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Birther Precedents


I was doing some rather pointless research on Chester A. Arthur this morning. On his Wikipedia page, I found this:

William Arthur’s frequent moves would later form the basis for accusations that Chester Arthur was not a native-born citizen of the United States. After Arthur was nominated for Vice President in 1880, his political opponents suggested that he might be constitutionally ineligible to hold that office. A New York attorney, Arthur P. Hinman, apparently hired by his opponents, explored rumors of Arthur’s foreign birth. Hinman initially alleged that Arthur was born in Ireland and did not come to the United States until he was fourteen years old, which would make him ineligible for the Vice Presidency under the United States Constitution’s natural-born citizen clause. When that story did not take root, Hinman spread a new rumor that Arthur was born in Canada, but this claim also failed to gain credence.

Who knew the nation had a birther controversy before Obama’s implacable opponents made false claims about him being born in Kenya. And to say in 1880 that a Republican was born in Ireland was not something to take lightly, given the Know-Nothing immersion into the Republican Party wasn’t that old and the strong anti-Irish sentiment in the nation at that time.

So I became curious about whether our current birthers looked back to the Arthur controversy for inspiration. Turns out the answer is yes indeed. Here’s a birther lawyer’s site titled “Natural Born Citizen” which explored Arthur’s history for angles to fight Obama, a post not coincidentally written in December 2008. The claims against Arthur are about as absurd as they are against Obama. Here’s a similar crazy person.

Sean Hannity used the Arthur controversy against Obama as late as last March (If Arthur produced a birth certificate, why can’t Obama!). Even The View weighed in on the ability of the lamb-chopped one to serve in the Oval Office.

This is probably as relevant as Chester Arthur has been since he left office in 1885. I don’t know how I didn’t catch this hilarity before. But I’m glad today Orly Taitz’s can look back to luminaries of the past for inspiration. I next expect someone to use the “Warren Harding is black” controversy against Obama in some way.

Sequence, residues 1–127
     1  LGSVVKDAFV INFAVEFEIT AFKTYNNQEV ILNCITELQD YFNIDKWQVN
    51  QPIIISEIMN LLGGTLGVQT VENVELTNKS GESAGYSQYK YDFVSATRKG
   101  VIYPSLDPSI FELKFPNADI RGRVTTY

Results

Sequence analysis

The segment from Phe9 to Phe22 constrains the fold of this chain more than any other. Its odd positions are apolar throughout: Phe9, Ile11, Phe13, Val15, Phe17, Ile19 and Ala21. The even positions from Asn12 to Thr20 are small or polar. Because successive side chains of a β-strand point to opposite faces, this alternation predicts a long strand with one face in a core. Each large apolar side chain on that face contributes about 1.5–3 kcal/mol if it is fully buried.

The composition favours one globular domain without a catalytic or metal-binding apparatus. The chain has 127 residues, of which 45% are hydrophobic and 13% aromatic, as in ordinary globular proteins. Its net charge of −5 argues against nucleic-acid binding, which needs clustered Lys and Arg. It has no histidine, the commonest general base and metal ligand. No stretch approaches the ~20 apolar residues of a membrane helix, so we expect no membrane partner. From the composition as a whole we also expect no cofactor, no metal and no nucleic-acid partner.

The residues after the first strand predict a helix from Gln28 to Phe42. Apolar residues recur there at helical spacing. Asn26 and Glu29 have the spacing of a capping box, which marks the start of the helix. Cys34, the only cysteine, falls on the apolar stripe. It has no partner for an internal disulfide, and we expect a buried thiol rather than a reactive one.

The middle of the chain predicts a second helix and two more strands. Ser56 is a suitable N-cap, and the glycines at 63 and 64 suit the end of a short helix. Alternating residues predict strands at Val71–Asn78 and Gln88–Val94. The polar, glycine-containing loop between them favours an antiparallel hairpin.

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  • John

    “Warren G. Harding was a negro!” – John McLaughlin.

  • Until today I had never seen Charles Guiteau deescribed as a “fanatical Arthur supporter.” I really need to get out more.

    • Bill Murray

      I am a Stalwart of Stalwarts, Arthur is President now had nothing to do with Dudley Moore

      • It does sound better than “I was more or less a Half-Breed until Garfield wouldn’t make me ambassador to France, but now I’m outraged by the corrupt bargain of 1876! Stalwarts forever!”

      • John

        When Guiteau got caught between the moon and New York City, killing Garfield was the best that he could do.

  • Tybalt

    “Who knew the nation had a birther controversy before Obama’s implacable opponents made false claims about him being born in Kenya.”

    I’d venture to guess that most Canadians with an interest in U.S. history know/knew it. We’re pathetically eager for mentions of Canada generally.

    • If y’all had just let us take you over in 1813, you wouldn’t have that sense of inferiority.

      • dewces

        We didn’t want to deal with South Carolina

        • Fair enough. On the other hand, you could have more help dealing with Quebec. Unless you are from Quebec. Then choose whatever other annoying province you’d like and say the same thing.

          • Mike Schilling

            Fucking Manitoba.

            • Bill Murray

              Alberta is, I hear, chock full of the Canadian equivalent of the Tea Party

              • redrob

                Alberta is full of people who desperately wish they were Texan.

  • A Canadian!? No wonder he sucked.

  • DrDick

    Come on now folks! These are conservatives and new ideas are totally anathema to their philosophy.

  • xpara

    Speaking of birtherism, why was George Romney considered an eligible candidate for the presidency (even though a far more reasonable and sympathetic character than his synthetic son) since he had been born in Mexico?

    • Mike Schilling

      Parents were US citizens, just like McCain’s being born in the Canal Zone.

      • rea

        My recollection is that some claim was made that the polygamous grandfather had renounced his citizenship after being driven out of the country.

    • Bill Murray

      his parents were American citizens — the Congressional Research Service investigated this http://www.fas.org/sgp/crs/misc/R42097.pdf

      Although the eligibility of native born U.S. citizens has been settled law for more than a century, there have been legitimate legal issues raised concerning those born outside of the country to U.S. citizens. From historical material and case law, it appears that the common understanding of the term “natural born” in England and in the American colonies in the 1700s may have included both the strict common law meaning as born in the territory (jus soli), as well as the statutory laws adopted in England since at least 1350, which included children born abroad to British fathers (jus sanguinis, the law of descent).